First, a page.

Spoiler alert: Rigorous, peer-reviewed studies suggest that companies do not perform better when they have women on the board. Nor do they perform worse. Depending on which meta-analysis you read, board gender diversity either has a very weak relationship with board performance or no relationship at all.
Wealth of Data on Board Gender Diversity
There have been many rigorous, peer-reviewed studies of board gender diversity. Given global interest in the effects of board gender diversity and the availability of abundant data on board gender composition and firm performance, many researchers have investigated the topic. The research literature includes over 100 studies of firms in 35 countries and five continents (Post and Byron, 2015).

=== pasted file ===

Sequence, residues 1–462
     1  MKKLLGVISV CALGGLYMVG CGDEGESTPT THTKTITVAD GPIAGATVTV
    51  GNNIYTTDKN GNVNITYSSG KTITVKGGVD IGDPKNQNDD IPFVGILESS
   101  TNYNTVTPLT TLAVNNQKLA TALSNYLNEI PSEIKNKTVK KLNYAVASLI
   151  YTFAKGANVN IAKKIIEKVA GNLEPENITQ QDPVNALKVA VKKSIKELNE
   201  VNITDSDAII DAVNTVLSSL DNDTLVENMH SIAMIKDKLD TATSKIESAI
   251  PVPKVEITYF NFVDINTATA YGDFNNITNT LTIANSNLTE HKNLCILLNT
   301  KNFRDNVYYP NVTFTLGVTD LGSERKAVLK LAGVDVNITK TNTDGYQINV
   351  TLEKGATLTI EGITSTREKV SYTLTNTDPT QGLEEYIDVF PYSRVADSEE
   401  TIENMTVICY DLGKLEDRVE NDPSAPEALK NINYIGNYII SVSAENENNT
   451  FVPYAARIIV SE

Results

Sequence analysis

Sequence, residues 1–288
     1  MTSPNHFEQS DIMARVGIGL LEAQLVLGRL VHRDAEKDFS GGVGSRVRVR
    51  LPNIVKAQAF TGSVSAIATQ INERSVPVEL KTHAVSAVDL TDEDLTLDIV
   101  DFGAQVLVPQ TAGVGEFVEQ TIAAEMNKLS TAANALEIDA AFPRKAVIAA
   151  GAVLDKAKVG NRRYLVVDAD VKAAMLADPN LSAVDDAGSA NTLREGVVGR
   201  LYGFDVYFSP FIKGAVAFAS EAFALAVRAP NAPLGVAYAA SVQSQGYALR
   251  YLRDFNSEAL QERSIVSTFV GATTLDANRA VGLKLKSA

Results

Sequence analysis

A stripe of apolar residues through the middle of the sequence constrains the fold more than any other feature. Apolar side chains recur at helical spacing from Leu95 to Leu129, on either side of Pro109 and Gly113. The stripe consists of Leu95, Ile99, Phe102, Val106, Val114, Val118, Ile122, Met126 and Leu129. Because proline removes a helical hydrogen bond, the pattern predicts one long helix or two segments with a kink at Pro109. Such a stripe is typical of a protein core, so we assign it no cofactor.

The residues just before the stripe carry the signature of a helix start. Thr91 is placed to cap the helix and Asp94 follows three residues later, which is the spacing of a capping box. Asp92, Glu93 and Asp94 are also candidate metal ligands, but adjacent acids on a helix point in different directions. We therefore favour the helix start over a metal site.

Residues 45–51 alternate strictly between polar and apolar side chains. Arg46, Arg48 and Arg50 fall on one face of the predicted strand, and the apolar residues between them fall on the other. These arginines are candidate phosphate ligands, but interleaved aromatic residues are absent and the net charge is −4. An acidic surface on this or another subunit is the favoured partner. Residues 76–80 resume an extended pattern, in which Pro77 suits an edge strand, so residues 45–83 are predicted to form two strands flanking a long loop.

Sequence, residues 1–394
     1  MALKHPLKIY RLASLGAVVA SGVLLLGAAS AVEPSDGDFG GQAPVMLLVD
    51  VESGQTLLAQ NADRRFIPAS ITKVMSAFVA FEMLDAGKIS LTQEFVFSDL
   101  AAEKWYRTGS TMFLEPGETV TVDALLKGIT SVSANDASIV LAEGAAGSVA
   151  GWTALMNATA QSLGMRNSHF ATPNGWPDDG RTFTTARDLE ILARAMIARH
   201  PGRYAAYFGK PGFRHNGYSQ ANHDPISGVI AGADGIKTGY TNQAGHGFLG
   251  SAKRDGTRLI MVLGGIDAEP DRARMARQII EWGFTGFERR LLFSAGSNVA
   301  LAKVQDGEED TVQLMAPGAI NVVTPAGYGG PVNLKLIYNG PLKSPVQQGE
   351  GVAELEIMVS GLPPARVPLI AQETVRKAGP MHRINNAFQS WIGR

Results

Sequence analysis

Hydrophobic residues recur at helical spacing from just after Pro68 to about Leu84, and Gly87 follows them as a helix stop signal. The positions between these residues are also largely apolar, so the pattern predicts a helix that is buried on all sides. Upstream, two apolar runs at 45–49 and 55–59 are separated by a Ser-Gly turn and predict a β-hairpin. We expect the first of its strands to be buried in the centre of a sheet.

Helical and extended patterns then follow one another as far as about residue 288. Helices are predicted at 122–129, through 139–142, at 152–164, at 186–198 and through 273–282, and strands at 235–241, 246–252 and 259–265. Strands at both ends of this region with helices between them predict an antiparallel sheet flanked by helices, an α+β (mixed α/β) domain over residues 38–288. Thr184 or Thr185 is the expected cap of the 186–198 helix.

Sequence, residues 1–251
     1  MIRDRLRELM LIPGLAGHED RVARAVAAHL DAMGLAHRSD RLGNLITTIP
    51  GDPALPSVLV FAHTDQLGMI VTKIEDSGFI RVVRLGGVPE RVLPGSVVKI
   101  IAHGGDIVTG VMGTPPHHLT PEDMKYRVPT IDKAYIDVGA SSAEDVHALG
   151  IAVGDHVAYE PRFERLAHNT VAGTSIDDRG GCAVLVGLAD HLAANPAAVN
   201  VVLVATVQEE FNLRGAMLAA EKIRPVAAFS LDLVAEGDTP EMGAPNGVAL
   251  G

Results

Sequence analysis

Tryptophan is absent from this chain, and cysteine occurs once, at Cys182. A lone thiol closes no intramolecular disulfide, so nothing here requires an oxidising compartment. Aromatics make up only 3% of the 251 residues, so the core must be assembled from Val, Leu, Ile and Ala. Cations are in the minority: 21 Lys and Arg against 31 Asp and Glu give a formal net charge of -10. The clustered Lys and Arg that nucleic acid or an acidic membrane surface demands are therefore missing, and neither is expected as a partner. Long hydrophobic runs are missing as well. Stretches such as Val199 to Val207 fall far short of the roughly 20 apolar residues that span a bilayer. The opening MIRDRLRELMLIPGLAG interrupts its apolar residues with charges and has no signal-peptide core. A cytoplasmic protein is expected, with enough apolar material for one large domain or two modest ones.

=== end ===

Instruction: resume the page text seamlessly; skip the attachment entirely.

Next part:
Consider two recent meta-analyses that have been conducted to summarize prior research on the topic. Post and Byron (2015) synthesized the findings from 140 studies of board gender diversity with a combined sample of more than 90,000 firms from more than 30 countries.
Pletzer, Nikolova, Kedzior, and Voelpel (2015) took a different approach, conducting a meta-analysis of a smaller set of studies — 20 studies that were published in peer-reviewed academic journals and that tested the relationship between board gender diversity and firm financial performance (return on assets, return on equity, and Tobin’s Q).
No Clear Business Case
The results of these two meta-analyses, summarizing numerous rigorous, original peer-reviewed studies, suggest that the relationship between board gender diversity and company performance is either non-exist (effectively zero) or very weakly positive.